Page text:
Rain rain go away, come again another day!

Spring is fully upon us here in Kansas City, with summer not far away. However, we are in the midst of a serious rainy season here in the Kansas City area. While we sing the old nursery rhyme of “Rain, rain go away,” more often than not, here in Kansas City, that rain has returned the next day. So far in April and May, it has proven to be easier to count the days it hasn’t rained rather than the ones it has. The Kansas City metropolitan area has experienced above-average rainfall in April 2016, with May not far behind a record setting pace. For those on the Kansas side, Kansas has experienced “much above-average” rainfall in April, and while Missouri was average overall as a state, the Northwest part of the state (including the KCMO metropolitan area) experienced above-average rainfall in April 2016, with no sign of it letting up in May.

us map of rainfall 2016

As a homeowner there are several key components to your plumbing/drainage system to combat excess water in your home. In many homes the most likely spot for excess water is in the basement. However, there is an old saying about basements: "There are those that are wet, and those that are going to be wet." More likely than not at some point your basement will get wet. However, you have control over how wet it gets, and where all of the water goes that your basement traps. One of the most essential elements to having a water free basement is your sump pump, and the corresponding sump pump pit. A sump pump is a pump used to remove water that has accumulated in a water collecting sump pit. The sump pump is commonly located in the basement of homes, while the dry well is commonly located in a flat surface outside the home. If the sump pump is working properly, it will collect all of the excess water surrounding your house. Some water will always sit in the sump pit, but when that water reaches a certain level, the sump pump then pumps the water out and away from your house into the controlled dry well, leaving your basement dry.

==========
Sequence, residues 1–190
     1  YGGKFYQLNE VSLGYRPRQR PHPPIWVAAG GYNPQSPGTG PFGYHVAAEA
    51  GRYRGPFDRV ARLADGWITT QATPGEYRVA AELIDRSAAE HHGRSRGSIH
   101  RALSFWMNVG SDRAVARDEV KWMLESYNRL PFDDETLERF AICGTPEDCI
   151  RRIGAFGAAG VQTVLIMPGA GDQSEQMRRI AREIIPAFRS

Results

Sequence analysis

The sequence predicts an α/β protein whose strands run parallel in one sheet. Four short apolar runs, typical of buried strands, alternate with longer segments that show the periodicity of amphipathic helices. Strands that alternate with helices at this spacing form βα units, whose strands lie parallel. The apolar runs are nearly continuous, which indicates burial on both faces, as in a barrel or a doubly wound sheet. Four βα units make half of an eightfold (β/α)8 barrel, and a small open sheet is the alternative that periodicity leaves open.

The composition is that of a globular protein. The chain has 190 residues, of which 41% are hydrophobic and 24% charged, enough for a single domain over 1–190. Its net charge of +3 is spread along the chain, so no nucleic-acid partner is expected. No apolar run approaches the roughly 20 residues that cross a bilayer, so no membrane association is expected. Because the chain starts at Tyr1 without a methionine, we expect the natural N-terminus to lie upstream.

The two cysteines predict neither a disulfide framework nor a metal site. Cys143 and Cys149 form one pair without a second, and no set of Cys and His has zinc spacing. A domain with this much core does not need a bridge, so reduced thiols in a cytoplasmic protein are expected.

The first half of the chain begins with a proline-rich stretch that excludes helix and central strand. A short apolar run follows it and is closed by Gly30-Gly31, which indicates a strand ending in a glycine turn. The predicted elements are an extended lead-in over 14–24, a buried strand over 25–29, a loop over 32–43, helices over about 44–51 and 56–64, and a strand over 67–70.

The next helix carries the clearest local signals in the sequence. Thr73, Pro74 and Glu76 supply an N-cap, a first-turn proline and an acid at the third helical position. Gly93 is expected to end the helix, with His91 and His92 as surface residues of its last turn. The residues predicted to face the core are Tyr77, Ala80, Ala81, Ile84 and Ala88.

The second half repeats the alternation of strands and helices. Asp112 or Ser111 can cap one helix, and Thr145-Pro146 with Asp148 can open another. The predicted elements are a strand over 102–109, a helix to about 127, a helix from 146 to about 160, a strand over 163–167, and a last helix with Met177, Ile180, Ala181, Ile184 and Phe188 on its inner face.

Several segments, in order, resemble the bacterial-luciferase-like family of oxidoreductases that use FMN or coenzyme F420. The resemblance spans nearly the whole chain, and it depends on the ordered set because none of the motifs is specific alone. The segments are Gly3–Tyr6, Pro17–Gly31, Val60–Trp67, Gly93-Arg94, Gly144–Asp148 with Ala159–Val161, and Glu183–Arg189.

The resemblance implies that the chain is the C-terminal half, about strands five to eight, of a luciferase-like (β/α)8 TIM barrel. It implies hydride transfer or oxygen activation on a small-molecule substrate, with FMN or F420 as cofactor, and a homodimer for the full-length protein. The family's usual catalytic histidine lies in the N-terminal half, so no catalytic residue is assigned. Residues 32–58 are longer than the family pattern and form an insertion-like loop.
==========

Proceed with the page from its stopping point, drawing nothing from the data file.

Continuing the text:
Though we recently wrote about sump pumps in a blog post, the excess of rain has made this information even more important. We recently had a job where one of our technicians had to dig a new sump pump pit for a home. He took step-by-step pictures throughout the whole process, and we feel as if this is extremely informational for the homeowner, as you can see the logistics behind the water leaving your house, as well as the process towards building the system that keeps your home (and basement) water free.


sump pump installation

Our assignment was to build a 4x4 dry well gravel pit. This pit should be on a level surface in a central location in the back/side yard of the house. We started by digging the parameters of the pit.

sump pump installation

After we dug the pit to our specifications we started filling it in with gravel. Notice the trench leading from the pit to the house. That’s the sump pump drain, and it will carry the water from the sump pump in the basement of the house into the dry well.

sump pump installation

Next we ran the sump pump drain into the dry well. It’s important to get the water out from the basement, as getting water out from the basement relieves pressure on the basement walls.

sump pump installation

After the drain is put into place we then start the process of filling the dry well with the drain line in. After it’s filled with gravel we then cover the gravel with about four inches of dirt. This, in combination with the gravel, helps hold the water in the sump pit, where it then dissolves into the ground.

sump pump installation

And finally, eight hours after we started, the finished product! We want to make the dry well look as inconspicuous as possible, and ensure that our techs will take whatever measures necessary to make your yard look as natural as possible. Over time the grass will grow and you won’t be able to see any difference in your yard at all.